formation

Will the 3-4-2-1 formation’s popularity continue into next season?

It is difficult to think of a more decisive tactical switch in Premier League history than Chelsea manager Antonio Conte’s decision to move to a 3-4-2-1 formation in September. With the Blues trailing London rivals Arsenal by three goals to nil at the Emirates Stadium, the former Juventus and Italy head coach shifted to a three-man backline in an attempt to avoid embarrassment. He then stuck with the shape in the weeks that followed, and Chelsea won 13 matches in a row to climb to the top of the table.

They remained there for the rest of the campaign, eventually amassing 93 points to claim the championship crown in style. By the time opponents had worked the west Londoners’ system out, it was too late to stop them.

Chelsea’s reconfiguration was not only significant in terms of its impact on the title race, but also because of the effect it had on other Premier League clubs. By the time the campaign drew to a close in late May, only Burnley, Southampton and West Bromwich Albion had failed to employ a three-man defensive unit at some point in the season – a rather remarkable statistic given English football’s aversion to such a setup in recent years.

The benefits of the 3-4-2-1 – which is the variant most managers opted for, as opposed to a 3-5-2 – became clearer once Chelsea had such obvious success while using it. Three at the back can make it easier for teams to build possession from the back, which appealed to coaches who liked their teams to control the ball; the extra centre-half, meanwhile, also offered the greater defensive security that other bosses craved.

Perhaps most importantly, the formation allowed two attacking players to play as inside forwards, which suited the likes of Eden Hazard and Pedro Rodriguez at Chelsea, Alexis Sanchez and Mesut Ozil at Arsenal, and Dele Alli and Christian Eriksen at Tottenham Hotspur. Rather than operating as No.10s, where the play can get congested and the ball is often received back to goal, such attackers were able to collect possession in the half-spaces and wreak havoc while opponents tried to figure out who should be picking them up.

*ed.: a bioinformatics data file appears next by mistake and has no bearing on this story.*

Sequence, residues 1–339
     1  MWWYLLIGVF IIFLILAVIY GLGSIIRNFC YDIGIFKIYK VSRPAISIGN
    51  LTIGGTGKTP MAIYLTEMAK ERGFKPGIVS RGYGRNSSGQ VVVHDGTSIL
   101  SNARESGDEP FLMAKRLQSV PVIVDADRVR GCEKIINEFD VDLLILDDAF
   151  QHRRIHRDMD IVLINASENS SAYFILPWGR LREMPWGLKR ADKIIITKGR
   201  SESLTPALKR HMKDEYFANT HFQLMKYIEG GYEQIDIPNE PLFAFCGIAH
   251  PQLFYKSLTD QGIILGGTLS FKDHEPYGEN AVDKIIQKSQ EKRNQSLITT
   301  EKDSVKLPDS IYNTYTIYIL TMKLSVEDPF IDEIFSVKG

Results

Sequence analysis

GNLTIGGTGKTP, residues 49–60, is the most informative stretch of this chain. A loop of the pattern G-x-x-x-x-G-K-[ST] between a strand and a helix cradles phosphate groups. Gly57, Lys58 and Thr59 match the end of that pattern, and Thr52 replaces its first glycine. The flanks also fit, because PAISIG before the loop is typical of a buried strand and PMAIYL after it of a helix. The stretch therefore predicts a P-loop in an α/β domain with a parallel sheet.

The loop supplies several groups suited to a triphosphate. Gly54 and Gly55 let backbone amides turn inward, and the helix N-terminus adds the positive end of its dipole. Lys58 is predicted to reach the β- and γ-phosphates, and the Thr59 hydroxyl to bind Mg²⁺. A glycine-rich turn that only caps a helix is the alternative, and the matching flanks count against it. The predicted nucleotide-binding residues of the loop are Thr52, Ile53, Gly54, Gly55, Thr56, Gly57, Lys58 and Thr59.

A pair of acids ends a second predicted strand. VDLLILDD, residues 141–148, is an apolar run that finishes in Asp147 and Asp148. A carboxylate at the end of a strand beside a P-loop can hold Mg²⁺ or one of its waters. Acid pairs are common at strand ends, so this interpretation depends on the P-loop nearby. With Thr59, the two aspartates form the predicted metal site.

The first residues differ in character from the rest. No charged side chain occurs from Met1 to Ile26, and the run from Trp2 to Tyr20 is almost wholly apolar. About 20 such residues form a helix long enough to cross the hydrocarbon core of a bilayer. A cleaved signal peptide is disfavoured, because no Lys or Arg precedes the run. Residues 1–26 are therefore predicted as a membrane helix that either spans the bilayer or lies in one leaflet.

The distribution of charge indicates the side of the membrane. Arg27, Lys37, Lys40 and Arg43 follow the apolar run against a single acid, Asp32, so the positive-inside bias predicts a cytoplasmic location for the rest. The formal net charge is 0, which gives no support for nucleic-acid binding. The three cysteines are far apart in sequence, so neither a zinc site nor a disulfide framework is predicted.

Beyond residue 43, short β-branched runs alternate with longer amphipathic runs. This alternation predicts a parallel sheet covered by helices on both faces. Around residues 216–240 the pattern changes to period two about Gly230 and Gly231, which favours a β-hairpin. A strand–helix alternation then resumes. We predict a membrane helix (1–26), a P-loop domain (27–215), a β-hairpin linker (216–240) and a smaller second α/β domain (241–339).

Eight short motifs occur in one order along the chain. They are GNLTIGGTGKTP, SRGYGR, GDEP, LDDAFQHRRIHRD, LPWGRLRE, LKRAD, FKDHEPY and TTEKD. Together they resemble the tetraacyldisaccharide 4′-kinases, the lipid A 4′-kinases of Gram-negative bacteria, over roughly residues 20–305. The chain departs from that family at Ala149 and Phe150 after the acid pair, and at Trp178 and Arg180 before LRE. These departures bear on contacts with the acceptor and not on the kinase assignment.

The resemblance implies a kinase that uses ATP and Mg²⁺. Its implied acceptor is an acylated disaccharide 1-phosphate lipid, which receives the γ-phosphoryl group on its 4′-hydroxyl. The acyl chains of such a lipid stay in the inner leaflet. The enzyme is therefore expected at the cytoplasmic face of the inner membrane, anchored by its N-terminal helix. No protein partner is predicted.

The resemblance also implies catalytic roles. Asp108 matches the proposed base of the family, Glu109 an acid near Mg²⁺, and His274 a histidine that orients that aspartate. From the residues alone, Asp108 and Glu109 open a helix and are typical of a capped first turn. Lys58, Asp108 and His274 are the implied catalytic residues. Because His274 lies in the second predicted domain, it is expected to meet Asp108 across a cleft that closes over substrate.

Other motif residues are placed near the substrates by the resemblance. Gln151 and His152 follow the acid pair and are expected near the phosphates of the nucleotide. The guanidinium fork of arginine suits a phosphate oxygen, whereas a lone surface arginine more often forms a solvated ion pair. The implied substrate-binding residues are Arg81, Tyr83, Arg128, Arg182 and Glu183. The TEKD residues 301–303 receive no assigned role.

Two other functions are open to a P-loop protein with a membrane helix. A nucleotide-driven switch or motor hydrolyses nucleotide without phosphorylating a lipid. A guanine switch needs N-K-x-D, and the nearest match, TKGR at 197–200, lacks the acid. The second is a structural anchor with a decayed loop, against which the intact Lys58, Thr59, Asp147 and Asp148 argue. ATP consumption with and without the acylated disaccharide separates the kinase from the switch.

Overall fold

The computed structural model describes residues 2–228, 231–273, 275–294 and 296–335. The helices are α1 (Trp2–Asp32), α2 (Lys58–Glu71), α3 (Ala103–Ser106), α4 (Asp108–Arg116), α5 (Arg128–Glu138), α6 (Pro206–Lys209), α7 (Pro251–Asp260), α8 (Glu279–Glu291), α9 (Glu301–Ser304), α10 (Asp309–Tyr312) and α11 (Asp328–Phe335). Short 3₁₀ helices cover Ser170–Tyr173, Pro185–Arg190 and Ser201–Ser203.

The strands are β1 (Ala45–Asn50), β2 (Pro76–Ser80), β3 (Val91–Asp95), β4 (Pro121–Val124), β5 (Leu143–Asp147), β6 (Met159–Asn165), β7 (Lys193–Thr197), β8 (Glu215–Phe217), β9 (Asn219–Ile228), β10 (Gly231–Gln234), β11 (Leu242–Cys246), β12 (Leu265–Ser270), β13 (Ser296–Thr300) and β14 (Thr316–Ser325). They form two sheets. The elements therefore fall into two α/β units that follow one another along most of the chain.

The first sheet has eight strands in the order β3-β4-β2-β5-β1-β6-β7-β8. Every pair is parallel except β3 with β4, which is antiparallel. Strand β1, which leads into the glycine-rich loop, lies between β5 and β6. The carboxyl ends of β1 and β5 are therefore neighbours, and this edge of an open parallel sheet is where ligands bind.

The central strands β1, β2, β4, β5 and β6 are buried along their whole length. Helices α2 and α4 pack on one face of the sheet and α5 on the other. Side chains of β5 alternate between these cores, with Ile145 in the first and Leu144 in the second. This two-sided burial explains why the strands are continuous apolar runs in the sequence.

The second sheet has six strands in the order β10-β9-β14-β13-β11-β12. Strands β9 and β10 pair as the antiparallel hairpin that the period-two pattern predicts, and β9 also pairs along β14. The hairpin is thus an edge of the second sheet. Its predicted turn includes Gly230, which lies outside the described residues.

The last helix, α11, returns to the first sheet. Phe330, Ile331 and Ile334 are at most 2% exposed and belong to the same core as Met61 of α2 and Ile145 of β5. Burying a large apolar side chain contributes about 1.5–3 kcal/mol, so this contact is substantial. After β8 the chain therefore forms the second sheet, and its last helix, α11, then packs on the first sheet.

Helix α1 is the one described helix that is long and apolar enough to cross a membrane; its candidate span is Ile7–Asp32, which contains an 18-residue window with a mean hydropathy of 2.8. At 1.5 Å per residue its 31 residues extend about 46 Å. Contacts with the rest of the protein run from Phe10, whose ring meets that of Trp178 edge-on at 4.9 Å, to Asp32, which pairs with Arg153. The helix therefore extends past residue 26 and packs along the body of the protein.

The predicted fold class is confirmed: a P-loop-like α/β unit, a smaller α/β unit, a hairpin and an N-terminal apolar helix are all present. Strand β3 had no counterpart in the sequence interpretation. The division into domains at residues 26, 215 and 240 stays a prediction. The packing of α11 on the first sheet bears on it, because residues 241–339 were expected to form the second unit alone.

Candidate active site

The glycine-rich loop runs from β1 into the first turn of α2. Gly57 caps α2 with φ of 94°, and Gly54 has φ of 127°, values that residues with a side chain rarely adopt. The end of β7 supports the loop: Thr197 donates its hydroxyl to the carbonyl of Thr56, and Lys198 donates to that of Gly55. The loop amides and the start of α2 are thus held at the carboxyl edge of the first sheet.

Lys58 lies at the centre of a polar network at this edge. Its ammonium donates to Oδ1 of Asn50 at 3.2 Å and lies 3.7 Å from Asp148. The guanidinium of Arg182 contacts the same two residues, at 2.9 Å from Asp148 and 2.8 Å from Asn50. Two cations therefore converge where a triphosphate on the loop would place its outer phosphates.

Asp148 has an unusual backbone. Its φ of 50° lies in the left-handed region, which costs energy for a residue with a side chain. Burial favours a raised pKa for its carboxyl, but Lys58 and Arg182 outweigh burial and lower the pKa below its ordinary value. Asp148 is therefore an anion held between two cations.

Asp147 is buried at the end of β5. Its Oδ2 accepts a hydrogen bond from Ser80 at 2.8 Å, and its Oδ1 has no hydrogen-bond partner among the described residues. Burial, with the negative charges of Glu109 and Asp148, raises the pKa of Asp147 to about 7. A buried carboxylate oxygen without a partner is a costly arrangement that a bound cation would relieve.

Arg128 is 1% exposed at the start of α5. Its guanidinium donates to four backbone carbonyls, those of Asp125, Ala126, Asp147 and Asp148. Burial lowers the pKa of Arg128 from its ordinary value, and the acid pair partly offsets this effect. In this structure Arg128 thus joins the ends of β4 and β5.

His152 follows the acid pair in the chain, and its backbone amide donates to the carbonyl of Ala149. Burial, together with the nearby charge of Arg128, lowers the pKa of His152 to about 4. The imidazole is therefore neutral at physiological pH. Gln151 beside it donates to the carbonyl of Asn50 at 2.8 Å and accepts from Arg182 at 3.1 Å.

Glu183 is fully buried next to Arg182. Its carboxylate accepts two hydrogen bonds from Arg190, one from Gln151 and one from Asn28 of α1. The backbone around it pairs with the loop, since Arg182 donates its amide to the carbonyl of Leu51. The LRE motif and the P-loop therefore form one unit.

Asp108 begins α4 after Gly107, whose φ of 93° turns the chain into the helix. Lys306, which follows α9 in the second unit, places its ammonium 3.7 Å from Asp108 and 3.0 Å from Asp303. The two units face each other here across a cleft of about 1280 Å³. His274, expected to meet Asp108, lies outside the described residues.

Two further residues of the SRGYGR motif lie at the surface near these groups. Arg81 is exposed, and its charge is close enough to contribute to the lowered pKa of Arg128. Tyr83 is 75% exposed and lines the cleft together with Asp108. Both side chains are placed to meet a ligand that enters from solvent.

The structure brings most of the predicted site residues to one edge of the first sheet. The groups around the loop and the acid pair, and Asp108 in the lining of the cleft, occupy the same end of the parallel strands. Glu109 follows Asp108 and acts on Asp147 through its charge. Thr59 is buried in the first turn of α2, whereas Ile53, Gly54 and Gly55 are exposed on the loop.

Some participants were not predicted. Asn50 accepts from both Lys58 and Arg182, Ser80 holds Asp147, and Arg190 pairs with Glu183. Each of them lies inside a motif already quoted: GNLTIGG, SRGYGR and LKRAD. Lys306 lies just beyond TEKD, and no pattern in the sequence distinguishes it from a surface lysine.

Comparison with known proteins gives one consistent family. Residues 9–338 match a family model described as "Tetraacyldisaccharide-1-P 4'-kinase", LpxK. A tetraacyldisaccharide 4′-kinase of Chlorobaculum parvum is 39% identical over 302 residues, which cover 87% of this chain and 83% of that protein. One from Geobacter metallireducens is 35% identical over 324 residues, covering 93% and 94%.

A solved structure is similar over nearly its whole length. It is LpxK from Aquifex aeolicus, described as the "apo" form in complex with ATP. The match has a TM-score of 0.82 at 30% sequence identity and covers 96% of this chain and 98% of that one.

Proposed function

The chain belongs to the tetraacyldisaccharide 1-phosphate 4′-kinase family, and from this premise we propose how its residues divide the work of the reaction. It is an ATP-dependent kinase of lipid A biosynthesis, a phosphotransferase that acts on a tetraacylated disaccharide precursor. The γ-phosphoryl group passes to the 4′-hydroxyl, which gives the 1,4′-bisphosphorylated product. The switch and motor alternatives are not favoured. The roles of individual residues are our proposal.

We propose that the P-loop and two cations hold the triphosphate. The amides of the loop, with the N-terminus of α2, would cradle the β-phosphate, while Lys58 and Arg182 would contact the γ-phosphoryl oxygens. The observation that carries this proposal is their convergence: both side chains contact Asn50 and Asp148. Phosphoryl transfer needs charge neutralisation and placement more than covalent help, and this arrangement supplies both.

In turn, coaches soon realised that the best approach to dealing with such a problem was by matching up: in effect, the easiest way to deny the inside forwards the pockets of space in which they thrived was also to line up with three central defenders and two wing-backs.

As with any formation, it is the application that counts much more than the theory; two 3-4-2-1s, just like a couple of 4-3-3s or a pair of 4-4-2s, can be vastly different depending on the underlying philosophy and strategy. Given how rapidly the configuration took hold last term, though, it will be interesting to see if Premier League managers continue to keep faith with three at the back in 2017/18, or whether another formation will take hold in a similar manner.

 

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